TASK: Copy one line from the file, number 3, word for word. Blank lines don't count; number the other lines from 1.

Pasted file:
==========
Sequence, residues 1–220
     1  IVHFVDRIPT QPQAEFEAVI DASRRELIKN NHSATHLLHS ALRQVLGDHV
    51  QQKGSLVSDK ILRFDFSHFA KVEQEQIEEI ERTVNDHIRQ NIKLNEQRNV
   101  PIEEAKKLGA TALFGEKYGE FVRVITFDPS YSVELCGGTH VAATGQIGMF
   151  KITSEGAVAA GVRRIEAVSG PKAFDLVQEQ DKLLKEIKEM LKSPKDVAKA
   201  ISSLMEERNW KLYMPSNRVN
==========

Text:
    51  QQKGSLVSDK ILRFDFSHFA KVEQEQIEEI ERTVNDHIRQ NIKLNEQRNV